Tips For Creating Fine Art Photography Prints Of Mountains
For all their beauty, trying to photograph mountains has its share of challenges. What are some of those challenges and how do you overcome them?
It is easy to say that all Fine Art Landscape Photography has its share of Mountain Photography. Mountains have a somewhat magical attraction to us. We can see them in the distance growing larger as we drive closer and closer to them. We can’t help but gaze at them from the air as we fly into a mountainous area.
As much as we love the mountains, photographing them has its challenges. A good fine art print of mountains is much more than a quick photograph taken from an overlook.
1. Remote Locations
While it is possible to photograph many mountains from areas accessible by nearby roads, that is not always the case. There are areas in the Pacific Northwest, Alaska, Canada, and many other countries where your only option might be many miles of overnight backpacking with large elevation gains or getting there via helicopter.
Like many others, I am not capable of the serious backpacking trips to get to some of the very remote locations. Helicopters can be a very expensive way to get to some of the locations and are generally only feasible with a group. Then, you have to like and feel comfortable on helicopters.
Fortunately, there are more than enough locations accessible by a hike of only a mile or two. Many others are very close to a road, although some of these roads can require a four-wheel-drive high-clearance vehicle.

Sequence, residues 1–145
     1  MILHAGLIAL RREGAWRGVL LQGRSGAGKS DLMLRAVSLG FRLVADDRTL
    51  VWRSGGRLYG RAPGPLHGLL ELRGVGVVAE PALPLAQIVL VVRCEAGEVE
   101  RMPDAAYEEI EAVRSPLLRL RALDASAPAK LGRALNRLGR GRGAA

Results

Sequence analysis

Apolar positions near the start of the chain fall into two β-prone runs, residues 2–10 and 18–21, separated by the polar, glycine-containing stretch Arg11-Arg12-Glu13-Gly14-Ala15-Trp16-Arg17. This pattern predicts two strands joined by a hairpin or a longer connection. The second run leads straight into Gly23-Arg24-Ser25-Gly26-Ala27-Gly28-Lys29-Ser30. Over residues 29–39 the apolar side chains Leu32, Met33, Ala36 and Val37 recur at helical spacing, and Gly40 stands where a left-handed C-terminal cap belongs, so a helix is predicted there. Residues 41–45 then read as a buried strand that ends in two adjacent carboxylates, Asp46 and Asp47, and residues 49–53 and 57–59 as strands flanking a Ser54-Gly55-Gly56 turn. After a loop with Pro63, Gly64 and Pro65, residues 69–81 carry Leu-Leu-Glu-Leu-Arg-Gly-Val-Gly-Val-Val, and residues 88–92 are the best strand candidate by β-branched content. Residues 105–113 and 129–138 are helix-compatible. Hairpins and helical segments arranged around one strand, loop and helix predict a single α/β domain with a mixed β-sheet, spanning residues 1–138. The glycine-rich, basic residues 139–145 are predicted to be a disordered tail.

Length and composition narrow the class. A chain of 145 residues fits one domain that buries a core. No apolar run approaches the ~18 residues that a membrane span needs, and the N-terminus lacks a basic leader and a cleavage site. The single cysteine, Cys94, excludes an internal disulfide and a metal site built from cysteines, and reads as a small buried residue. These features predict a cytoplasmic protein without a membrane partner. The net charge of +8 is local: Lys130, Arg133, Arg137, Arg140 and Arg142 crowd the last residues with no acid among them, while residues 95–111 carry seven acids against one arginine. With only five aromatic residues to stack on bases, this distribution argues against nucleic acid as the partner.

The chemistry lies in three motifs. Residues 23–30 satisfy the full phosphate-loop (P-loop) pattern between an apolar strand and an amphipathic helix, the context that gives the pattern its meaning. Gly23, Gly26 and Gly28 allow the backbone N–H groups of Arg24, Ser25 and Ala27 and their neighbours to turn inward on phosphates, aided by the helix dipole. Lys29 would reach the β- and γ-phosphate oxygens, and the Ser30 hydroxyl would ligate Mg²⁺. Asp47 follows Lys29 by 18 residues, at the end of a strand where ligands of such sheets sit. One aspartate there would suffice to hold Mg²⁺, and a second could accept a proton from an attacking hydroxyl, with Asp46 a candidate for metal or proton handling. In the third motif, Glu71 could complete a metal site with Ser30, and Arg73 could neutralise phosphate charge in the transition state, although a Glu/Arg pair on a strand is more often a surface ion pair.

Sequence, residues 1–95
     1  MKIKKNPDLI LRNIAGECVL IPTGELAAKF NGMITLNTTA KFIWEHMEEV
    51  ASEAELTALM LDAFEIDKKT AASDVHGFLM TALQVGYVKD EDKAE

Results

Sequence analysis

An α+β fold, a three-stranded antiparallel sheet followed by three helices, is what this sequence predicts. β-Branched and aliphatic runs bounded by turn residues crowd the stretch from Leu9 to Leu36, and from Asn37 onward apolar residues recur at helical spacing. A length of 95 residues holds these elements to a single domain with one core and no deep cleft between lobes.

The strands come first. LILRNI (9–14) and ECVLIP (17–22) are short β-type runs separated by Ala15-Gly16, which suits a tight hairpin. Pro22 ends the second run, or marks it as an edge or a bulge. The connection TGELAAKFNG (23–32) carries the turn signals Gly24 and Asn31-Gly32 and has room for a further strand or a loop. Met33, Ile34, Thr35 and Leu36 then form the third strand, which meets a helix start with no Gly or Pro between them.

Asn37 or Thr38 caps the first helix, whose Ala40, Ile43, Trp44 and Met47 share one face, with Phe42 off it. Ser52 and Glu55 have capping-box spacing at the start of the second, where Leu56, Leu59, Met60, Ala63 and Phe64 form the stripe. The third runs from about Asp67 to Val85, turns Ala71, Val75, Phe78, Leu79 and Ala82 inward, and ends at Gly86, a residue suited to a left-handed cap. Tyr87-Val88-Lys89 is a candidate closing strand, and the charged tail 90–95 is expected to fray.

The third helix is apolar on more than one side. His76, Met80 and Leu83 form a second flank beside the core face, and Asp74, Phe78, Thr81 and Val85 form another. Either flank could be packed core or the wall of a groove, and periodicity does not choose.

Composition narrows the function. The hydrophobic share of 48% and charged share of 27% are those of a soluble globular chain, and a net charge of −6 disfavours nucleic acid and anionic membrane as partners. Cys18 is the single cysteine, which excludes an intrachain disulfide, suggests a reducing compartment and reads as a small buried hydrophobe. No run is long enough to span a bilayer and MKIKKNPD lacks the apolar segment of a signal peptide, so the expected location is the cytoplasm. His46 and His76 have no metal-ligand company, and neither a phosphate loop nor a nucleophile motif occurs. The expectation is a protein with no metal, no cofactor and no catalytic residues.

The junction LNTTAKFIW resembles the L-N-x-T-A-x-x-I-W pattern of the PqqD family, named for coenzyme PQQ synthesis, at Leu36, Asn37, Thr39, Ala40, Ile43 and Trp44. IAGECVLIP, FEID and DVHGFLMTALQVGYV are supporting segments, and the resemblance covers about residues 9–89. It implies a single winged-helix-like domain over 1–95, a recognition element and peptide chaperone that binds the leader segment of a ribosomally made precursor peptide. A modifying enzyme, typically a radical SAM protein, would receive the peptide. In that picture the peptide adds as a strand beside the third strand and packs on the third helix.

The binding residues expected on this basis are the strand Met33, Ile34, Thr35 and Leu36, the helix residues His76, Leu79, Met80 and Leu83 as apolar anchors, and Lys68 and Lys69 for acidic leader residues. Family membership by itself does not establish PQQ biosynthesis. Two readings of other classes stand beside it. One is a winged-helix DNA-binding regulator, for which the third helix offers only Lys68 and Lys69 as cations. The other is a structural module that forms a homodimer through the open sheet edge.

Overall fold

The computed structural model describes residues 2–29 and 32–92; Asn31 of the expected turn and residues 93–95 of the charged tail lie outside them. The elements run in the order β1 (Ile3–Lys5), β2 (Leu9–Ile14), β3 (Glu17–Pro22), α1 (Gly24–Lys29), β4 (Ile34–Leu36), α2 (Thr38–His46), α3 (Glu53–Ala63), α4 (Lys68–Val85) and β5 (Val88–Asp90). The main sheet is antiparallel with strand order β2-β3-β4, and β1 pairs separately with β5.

The following photograph of Mount Assiniboine required both a helicopter flight to a remote lodge and a 2-mile hike up to the Nublet with about a 1,000-foot elevation gain. It was an incredible morning and worth all the effort.
Conversely, the photograph of a snow-covered Mount Hood was taken from the side of a back road in Oregon.
2. Getting a Foreground
There are many overlooks along the thousands of miles of roads in the mountains that offer incredible views. It’s very tempting to stop at all of them to take a photograph. I think we’ve all done it, especially on family trips where the mountains make for a great background for a photo of the kids.
From the standpoint of the fine art photograph, almost all of these overlooks are somewhat lacking. They just don’t have the same appeal as a photograph of the mountain with a river, fall color trees, blooming tundra or flowers, a structure, or a lake reflecting the mountain.
As landscape photographers, our challenge is finding the scenes with the foregrounds to properly show off the mountain. As I discuss in my article, The Hunt For Unique Landscape Locations, it takes some research and effort to find them.
The following photography of Wilson Peak in the San Juan Mountains uses the Aspen trees with brilliant fall color as its foreground. The photograph of Mount Rainier has what was the clearest reflection I have ever seen as a foreground. The photograph of the Grand Tetons uses one of the bards on Mormon Row as a foreground.
3. Getting Good Clouds
For just about any landscape photograph that includes the sky, good clouds are critical. Photographs of mountains are no different. For me, even if they are just thin and wispy clouds, it is a far better photograph than no clouds at all.
For my mountain photographs, I want the peak of the mountain to show. It’s just a personal preference. I love having low clouds in front of the mountain, but I just don’t want them covering the peak.